Rental firm in ‘Netflix of clothing’ enterprise

A formalwear hire firm whose business “fell off a cliff” when weddings were postponed during lockdown is accelerating its move into the emerging market for renting everyday clothing, a trend that has been touted as an answer to the ills of fast fashion.

Based in North Lanarkshire’s Eurocentral, ACS has the largest laundry facility in Scotland. Since the company’s inception in 1997, that facility has predominantly been used to clean the formalwear rented out by the company, with a quarter of a million shirts passing through each year.

Disruption caused by coronavirus lockdown measures forced ACS to lay off 70 of its previous workforce of 120. In response, the company has stepped up moves into everyday clothing rental by signing contracts with the likes of Hirestreet, MyWardrobeHQ, EndlessWardrobe and Rotaro.

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A new agreement with Moss Bros is set to double volumes, creating what chief financial officer Andrew Rough described as a “very promising” order book for 2021.

“The fashion industry has to change, and we are changing with it,” he said. “Retailers have to change as well.

“More and more companies in the US are mirroring the Netflix model for clothing. That to us is where the industry is moving.”

According to some estimates, the greenhouse gases emitted in the production, manufacture and transportation of the millions of garments purchased every year contribute more to climate change than the annual emissions of air and sea travel combined. Mr Rough notes that the industry is on course to account for a quarter of the world’s carbon budget by 2050.

“Consumers are recognising the gluttony of fast fashion,” he said. “People realise they have got to make more sustainable choices.”

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Through the new Moss Bros contract and existing partnerships with Slater Menswear, Next and hundreds of independent retailers under the Cameron Ross and Ultimate Formal Hire brands, ACS now provides garment cleaning services to 80 per cent of the UK menswear rental sector.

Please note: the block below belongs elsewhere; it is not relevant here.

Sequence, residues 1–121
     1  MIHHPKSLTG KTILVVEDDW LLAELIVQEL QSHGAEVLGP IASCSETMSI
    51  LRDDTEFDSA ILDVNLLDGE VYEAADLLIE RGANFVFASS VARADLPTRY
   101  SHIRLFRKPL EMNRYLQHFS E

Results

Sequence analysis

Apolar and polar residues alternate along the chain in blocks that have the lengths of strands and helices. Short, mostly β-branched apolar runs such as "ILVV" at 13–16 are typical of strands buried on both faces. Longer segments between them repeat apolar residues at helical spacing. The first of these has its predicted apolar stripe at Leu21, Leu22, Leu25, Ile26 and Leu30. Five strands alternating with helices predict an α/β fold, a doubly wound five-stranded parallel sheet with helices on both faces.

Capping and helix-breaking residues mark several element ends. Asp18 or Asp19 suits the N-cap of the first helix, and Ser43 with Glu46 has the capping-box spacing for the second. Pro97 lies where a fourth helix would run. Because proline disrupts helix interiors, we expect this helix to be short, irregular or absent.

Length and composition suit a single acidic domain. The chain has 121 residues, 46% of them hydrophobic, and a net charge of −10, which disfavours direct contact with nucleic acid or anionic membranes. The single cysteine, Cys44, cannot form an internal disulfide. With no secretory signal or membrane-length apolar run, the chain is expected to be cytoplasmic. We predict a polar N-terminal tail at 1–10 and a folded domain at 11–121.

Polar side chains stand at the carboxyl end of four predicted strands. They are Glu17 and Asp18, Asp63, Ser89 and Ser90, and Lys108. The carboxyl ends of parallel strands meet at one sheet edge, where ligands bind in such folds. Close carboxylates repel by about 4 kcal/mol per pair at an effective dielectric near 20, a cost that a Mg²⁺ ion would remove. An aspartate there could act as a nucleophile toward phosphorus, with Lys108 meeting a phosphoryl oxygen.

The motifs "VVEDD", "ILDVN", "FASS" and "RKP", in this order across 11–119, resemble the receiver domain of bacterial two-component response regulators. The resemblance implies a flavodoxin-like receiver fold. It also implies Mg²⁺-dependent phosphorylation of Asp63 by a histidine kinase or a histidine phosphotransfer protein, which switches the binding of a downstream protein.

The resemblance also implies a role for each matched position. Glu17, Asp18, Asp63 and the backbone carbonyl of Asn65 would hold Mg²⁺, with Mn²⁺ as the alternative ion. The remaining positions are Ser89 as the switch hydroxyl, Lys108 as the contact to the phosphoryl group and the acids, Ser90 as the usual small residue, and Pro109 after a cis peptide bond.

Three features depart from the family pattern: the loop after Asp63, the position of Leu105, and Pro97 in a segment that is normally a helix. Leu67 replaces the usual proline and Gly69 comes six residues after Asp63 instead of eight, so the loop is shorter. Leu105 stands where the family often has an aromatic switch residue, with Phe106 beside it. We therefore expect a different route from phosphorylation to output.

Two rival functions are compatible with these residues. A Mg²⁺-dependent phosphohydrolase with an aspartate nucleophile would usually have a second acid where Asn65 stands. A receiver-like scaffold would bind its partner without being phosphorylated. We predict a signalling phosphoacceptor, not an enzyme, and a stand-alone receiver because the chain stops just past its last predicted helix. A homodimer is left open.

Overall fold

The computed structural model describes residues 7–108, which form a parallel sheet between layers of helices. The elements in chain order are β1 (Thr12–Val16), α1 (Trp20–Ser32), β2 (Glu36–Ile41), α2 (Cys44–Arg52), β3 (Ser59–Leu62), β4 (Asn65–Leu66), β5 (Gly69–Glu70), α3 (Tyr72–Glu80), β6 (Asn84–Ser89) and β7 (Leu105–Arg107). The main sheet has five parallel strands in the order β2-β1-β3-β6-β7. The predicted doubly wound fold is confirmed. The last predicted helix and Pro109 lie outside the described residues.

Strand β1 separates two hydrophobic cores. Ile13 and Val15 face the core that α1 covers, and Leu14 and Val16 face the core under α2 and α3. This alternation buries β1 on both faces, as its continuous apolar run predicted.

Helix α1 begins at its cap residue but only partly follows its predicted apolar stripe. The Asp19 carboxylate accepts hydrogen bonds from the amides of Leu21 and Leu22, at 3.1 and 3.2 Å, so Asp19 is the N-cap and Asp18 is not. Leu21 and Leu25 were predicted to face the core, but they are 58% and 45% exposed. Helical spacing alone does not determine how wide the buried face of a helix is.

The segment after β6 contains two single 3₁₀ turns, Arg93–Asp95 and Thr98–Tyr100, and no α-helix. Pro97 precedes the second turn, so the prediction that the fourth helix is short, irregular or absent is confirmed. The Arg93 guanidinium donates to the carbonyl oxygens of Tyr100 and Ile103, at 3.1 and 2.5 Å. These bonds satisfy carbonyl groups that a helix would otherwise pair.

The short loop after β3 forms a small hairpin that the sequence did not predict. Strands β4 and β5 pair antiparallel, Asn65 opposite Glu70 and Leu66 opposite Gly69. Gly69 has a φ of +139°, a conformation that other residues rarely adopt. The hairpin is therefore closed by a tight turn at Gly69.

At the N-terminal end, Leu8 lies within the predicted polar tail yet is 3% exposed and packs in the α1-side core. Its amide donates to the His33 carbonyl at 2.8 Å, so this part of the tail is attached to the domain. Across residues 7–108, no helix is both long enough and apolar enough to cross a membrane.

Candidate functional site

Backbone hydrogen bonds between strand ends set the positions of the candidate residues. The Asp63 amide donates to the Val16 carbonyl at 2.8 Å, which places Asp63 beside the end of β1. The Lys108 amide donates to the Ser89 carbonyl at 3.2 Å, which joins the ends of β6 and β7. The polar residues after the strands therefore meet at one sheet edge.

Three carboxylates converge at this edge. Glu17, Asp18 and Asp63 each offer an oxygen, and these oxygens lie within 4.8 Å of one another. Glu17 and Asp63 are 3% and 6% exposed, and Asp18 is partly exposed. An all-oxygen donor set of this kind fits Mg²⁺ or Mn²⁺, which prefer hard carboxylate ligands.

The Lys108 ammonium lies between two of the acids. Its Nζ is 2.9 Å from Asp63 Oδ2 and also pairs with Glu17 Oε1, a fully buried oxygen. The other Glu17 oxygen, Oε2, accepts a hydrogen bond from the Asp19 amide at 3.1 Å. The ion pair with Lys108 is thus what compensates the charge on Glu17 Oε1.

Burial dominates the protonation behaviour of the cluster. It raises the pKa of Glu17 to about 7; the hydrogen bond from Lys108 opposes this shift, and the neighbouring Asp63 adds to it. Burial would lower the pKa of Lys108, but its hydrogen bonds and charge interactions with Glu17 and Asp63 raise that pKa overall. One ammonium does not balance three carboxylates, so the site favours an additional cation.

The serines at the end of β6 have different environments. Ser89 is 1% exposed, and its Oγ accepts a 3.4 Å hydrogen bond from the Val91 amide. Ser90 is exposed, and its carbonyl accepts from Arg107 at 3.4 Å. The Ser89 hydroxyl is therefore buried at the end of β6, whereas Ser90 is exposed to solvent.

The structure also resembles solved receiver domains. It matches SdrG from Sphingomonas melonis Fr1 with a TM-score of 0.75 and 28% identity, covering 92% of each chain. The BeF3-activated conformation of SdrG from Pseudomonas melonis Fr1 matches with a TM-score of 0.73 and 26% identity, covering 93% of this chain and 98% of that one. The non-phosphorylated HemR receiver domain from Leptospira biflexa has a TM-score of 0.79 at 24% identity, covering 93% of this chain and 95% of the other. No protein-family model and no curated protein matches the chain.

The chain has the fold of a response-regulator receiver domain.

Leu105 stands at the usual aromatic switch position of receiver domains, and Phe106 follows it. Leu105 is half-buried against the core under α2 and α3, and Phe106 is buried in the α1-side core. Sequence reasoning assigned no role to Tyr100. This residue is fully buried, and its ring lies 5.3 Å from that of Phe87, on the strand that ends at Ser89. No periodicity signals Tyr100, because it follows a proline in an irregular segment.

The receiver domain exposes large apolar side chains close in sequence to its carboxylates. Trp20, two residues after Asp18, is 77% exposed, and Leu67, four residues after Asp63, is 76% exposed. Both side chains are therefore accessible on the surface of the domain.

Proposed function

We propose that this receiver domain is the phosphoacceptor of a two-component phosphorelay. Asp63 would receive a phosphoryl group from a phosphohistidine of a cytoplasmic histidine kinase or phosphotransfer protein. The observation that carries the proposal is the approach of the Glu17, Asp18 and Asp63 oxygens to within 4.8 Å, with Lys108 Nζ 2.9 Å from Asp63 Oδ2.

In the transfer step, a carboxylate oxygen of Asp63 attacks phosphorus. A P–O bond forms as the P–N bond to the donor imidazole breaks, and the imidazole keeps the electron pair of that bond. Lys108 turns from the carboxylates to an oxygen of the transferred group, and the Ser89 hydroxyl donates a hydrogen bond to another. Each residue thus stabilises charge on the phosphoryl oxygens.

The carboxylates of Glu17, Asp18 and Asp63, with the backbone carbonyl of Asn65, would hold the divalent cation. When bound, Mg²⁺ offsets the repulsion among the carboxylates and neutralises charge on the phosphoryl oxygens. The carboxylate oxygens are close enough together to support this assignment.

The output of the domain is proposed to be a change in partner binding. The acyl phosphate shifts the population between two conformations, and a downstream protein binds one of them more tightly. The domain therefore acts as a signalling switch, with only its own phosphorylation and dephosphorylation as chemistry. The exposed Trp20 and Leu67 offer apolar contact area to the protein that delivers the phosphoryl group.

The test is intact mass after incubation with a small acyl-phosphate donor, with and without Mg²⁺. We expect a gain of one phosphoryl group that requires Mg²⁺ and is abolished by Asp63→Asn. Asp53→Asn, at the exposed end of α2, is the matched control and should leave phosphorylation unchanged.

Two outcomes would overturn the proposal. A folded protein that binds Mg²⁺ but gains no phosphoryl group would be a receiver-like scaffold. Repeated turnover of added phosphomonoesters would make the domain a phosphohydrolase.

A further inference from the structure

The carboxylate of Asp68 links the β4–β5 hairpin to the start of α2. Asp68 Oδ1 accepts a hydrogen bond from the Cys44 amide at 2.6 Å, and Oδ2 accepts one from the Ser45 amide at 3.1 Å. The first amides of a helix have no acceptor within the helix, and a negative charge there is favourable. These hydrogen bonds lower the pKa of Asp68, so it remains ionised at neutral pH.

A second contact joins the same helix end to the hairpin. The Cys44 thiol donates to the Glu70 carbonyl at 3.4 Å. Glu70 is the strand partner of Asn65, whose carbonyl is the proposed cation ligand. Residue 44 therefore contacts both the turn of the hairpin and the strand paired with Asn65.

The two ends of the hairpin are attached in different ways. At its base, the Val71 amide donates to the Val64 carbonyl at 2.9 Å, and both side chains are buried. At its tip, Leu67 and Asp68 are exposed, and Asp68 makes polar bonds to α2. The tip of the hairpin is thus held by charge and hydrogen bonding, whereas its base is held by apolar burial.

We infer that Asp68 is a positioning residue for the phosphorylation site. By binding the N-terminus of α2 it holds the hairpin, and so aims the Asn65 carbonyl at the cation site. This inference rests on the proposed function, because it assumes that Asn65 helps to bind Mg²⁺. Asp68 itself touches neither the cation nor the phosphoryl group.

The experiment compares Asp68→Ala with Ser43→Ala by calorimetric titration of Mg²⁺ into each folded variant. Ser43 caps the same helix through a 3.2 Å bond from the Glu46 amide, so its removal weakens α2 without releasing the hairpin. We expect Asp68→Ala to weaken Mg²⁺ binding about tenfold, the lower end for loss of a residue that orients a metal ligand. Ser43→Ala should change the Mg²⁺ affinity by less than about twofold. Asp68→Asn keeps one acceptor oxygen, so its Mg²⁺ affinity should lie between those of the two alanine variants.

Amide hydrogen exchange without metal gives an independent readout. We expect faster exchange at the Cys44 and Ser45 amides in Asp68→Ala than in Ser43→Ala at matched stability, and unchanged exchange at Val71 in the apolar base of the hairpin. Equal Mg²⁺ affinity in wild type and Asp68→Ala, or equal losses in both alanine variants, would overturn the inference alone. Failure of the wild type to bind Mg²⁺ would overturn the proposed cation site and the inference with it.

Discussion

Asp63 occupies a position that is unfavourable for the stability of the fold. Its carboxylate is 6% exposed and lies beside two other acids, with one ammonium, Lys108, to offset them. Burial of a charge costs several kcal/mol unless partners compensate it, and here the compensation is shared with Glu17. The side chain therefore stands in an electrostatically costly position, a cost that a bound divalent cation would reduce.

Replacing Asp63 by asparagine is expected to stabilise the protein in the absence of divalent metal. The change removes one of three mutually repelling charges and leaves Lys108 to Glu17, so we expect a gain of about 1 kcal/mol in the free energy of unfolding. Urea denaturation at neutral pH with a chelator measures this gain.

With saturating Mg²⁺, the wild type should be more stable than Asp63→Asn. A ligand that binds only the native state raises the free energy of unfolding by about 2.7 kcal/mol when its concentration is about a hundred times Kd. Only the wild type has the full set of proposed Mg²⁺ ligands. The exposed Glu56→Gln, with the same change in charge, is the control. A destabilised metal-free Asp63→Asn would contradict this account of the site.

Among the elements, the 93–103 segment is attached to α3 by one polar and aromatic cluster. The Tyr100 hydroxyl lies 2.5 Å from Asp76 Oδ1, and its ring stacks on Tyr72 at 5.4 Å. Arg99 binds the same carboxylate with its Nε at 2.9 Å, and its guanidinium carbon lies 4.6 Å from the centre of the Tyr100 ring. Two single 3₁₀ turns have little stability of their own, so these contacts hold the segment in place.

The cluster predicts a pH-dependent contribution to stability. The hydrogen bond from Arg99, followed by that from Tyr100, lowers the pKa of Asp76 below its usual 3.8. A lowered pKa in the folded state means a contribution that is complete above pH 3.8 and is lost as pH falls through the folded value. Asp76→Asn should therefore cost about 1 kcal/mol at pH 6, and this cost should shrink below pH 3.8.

Revenues during the year to May 2020 topped £7 million, but will take a significant hit in the current financial year as lockdown restrictions snuffed out demand during the traditionally busy part of the wedding season. However, Mr Rough is predicting a rebound thereafter as the company lessens its exposure to the formalwear market.

Along with the growing trend towards renting everyday clothing, work by ACS on enhanced cleaning processes has generated a “high level” of interest from retail groups amid concern about limiting the spread of Covid-19.

Supported by innovation funding specialist ABGI-UK, ACS has invested in more than 20 research projects, including several studies to further enhance hygiene and environmental standards of its cleaning processes. One of these resulted in the development of a biocide called Ozone, which ACS has been using for the past four years.

Chief operating officer Anthony Burns said all clothing at ACS is sanitised using Ozone, which eliminates odours while also killing bacteria and viruses. In addition, it is said to save on energy, water and chemical usage.

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“Scientific measurement has shown that our garments are cleaner than very hygienic restaurant preparation areas,” he said. “Ozone technology also extends the lifecycle of garments and helps ACS mitigate the impact of fast fashion.”

ACS is 60% owned by its management team. The remainder is owned by private equity house Boost & Co, which provides venture debt and growth capital to small and medium-sized UK firms.

Adrian Williamson, ABGI-UK advisor to ACS, said: “ACS’s investment into R&D, including developing innovative garment cleaning processes, is now paying significant dividends and helping the company grow a new business channel after the impact of Covid-19.

“Many of their research projects have qualified for tax rebates through Government incentive measures including R&D tax relief. I would urge companies that are focused on innovation to explore how these measures can support the growth of their business.”

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